Dokken: ‘Erase The Slate’
ERASE THE SLATE
Released on June 15, 1999 (CMC International)
My first introduction to the band Dokken was in 1987 when they recorded the theme song to A Nightmare on Elm Street 3: Dream Warriors. I just started to be a horror fan at this time; I was into the Freddy Krueger films more so than the “Halloween” or the “Friday the 13th” films. Years later, I had a cassette copy of the band’s Back For The Attack release, although I did not listen to it much. It wasn’t until college, on the campus of Kent State University, when I really sat down to listen to Dokken‘s music, finally getting enough funds to join the BMG Music Club service. I was looking for some music to experiment with in the hard rock genre, so I took a chance after seeing the cover of Erase The Slate within the pages of the club’s catalog.
I was always a fan of guitar player Reb Beach, from his time in Winger (yes, the band that was not cool to like thanks to MTV‘s Beavis and Butthead show), and saw him live with Alice Cooper in 1996, which was not far from Beach‘s hometown of Pittsburgh. When the CD came in the mail, and I saw that Beach was the guitar player on this release, I was even more excited to blast it in my off-campus apartment. The opening three tracks did not disappoint when cranking it on the first listen. In fact, whenever I think of Dokken or this release, the first thing that comes to mind is these first three songs.
The first track, the title song “Erase The Slate,” has a rocking guitar solo by Beach, who throughout this release shows why he is an amazing (and under looked) guitar player when mentioning some of the greats in the genre. The guitar work, along with the thunderous, power drumming of Mick Brown, carries the album on almost every track. My favorite song off the album is without a doubt — “Change The World” — which comes in second. The opening sound has a chugging groove to it that switches to a mid- tempo feel during the verses. The opening groove reminded me of ’70s Sammy Hagar or early ’80s Ozzy. Lyrically, the song is a different take on a guy trying to please the person in the relationship, especially with the line “The promise that you want the most/is not for me to keep.” The words have a deeper context to it, besides the normal “let’s party” or the “stay with me” relationship themes that other bands of the era were still trying to send out. I like vocalist Don Dokken‘s voice on this song as well.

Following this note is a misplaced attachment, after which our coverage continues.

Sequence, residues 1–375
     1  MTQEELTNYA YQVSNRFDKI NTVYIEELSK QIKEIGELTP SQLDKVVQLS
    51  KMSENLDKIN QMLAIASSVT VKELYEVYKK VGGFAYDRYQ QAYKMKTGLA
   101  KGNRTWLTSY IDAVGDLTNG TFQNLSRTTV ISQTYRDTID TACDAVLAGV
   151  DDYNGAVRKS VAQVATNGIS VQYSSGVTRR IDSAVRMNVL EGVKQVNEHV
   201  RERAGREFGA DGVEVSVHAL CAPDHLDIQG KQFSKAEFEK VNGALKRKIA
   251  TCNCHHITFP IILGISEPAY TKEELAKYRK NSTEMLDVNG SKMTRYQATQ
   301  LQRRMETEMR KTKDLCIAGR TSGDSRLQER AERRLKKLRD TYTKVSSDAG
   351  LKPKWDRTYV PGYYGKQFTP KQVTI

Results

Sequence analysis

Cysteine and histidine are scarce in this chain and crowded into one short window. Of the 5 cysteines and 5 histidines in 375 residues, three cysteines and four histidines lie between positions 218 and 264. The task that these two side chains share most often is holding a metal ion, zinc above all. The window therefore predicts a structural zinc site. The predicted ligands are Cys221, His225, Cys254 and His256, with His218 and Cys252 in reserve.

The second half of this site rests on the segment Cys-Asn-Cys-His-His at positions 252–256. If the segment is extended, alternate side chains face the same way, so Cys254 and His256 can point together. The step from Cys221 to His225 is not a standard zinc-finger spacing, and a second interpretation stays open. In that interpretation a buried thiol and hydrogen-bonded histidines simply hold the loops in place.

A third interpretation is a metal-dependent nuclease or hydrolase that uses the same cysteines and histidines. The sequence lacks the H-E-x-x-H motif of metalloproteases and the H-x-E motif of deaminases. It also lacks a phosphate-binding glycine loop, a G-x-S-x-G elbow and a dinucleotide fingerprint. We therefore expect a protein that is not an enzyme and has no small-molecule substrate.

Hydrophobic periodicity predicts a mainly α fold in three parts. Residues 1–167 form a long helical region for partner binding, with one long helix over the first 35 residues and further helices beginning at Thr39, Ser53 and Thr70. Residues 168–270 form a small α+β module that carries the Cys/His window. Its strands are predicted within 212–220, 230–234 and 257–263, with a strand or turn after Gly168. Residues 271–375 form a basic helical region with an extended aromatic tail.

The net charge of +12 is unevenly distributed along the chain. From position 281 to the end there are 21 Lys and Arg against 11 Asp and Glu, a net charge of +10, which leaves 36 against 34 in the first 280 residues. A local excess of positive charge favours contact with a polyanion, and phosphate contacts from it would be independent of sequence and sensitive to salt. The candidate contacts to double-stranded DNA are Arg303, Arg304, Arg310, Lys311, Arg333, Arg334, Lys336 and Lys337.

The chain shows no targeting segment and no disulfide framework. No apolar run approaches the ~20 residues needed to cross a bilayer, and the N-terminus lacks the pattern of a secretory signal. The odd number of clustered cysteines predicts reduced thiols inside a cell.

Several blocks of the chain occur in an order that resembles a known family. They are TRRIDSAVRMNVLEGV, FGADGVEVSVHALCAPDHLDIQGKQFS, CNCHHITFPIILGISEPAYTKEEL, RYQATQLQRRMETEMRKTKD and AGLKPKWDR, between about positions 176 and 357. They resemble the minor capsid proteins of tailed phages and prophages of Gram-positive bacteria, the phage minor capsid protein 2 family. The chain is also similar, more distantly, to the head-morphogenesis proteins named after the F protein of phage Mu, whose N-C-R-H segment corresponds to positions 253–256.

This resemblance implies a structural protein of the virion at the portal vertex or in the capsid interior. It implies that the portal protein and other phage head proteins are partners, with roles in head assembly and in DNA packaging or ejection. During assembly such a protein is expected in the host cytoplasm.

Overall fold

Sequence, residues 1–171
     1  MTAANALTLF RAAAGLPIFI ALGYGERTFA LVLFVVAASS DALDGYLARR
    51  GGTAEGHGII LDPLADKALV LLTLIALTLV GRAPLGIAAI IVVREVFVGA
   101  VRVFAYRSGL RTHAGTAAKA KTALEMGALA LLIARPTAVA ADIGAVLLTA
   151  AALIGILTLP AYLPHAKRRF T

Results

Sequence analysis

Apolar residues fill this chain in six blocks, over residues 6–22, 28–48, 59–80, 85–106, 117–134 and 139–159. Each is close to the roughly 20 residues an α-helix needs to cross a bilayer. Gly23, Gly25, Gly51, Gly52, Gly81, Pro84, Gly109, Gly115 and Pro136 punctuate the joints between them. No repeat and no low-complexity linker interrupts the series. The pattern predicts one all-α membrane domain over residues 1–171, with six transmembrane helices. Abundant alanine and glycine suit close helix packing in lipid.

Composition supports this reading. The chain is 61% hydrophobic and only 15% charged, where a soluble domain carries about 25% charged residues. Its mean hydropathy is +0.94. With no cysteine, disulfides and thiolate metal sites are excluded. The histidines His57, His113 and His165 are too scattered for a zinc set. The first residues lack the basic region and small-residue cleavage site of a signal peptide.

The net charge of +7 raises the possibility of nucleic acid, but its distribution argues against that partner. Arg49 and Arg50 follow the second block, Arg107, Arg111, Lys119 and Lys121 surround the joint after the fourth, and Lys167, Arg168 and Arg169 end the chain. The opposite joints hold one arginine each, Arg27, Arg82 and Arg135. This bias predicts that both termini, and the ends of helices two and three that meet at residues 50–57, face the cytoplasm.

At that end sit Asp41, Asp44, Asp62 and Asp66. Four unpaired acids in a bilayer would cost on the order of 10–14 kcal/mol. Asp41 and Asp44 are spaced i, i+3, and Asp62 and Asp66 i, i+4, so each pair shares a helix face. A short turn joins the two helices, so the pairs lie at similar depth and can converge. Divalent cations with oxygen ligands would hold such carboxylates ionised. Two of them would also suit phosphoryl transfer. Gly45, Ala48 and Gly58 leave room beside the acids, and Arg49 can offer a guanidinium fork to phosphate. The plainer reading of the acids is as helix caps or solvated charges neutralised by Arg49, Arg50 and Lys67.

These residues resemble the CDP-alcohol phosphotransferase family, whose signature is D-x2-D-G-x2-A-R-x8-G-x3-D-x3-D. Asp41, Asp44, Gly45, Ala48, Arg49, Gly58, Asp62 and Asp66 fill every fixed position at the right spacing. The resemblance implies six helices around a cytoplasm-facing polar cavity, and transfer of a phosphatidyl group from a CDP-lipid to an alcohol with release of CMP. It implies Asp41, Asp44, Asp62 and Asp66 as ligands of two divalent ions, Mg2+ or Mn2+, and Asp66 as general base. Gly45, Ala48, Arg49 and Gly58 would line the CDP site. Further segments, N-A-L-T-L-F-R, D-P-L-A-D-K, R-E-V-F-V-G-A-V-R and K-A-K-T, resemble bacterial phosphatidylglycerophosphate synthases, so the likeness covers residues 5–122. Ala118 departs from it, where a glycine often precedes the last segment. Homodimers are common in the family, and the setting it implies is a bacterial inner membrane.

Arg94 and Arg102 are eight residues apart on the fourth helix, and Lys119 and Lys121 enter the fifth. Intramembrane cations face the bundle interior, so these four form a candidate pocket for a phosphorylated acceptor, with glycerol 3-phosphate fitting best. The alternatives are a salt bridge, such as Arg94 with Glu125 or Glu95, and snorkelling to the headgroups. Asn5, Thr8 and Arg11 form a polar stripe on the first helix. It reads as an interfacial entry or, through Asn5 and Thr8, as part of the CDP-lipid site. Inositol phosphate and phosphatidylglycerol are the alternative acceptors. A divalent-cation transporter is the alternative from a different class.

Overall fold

“Maddest Hatter,” has reference to Alice In Wonderland, talking about a conversation with his “rabbit friend” while having tea. The lyrics tend to run into each other during the verses, but that makes it have its appeal for this listener. The fact that a hatter dealt with insanity due to the mercury poisons used in the hat making business fits in nicely at the end of the song, where the tempo starts speeding up into a combustion of power and craziness. This was one other song I constantly played off of the CD at college at the time. Also, having a degree in English, I can enjoy whenever literary references to characters from books can be added into songs.
After not listening to this for many years, the song “Drown” reminds me of a song that possibly could’ve been placed on Alice Cooper‘s Brutal Planet release. This song is a little darker than the first several songs. Listening to the whole album at once, this song seems out of place in being the fourth track after the first three songs. Taking nothing away from the great musicianship on the whole release by all the members, listening to it today as a whole album, the placement of the songs is a frequent complaint of my overall experience.
I always like finding a hidden gem when I review albums; listening to a song that may surprise me that I didn’t get the feel of when I first got the release. Sometimes when we shelve a release for a while, a song may pop up that we may not have enjoyed the first time around, especially us musicians learning to appreciate something later on in our lives. “Shattered” is one of the songs I found to be the case here. The backing vocals are stronger than on the other songs so far on the album , along with a bluesy opener before the it kicks in. This is a mid-tempo song, but still has a heavy feel to it. Lyrically, this could’ve been a ballad, but with most of the tracks being heavy, it fits well with the flow of the songs as a whole. I would have placed the track at number four (after “Maddest Hatter”), which would have really worked with an overall theme. The spoken part at the end of the song, where the song mellows out again, has a throwback influence of The Doors.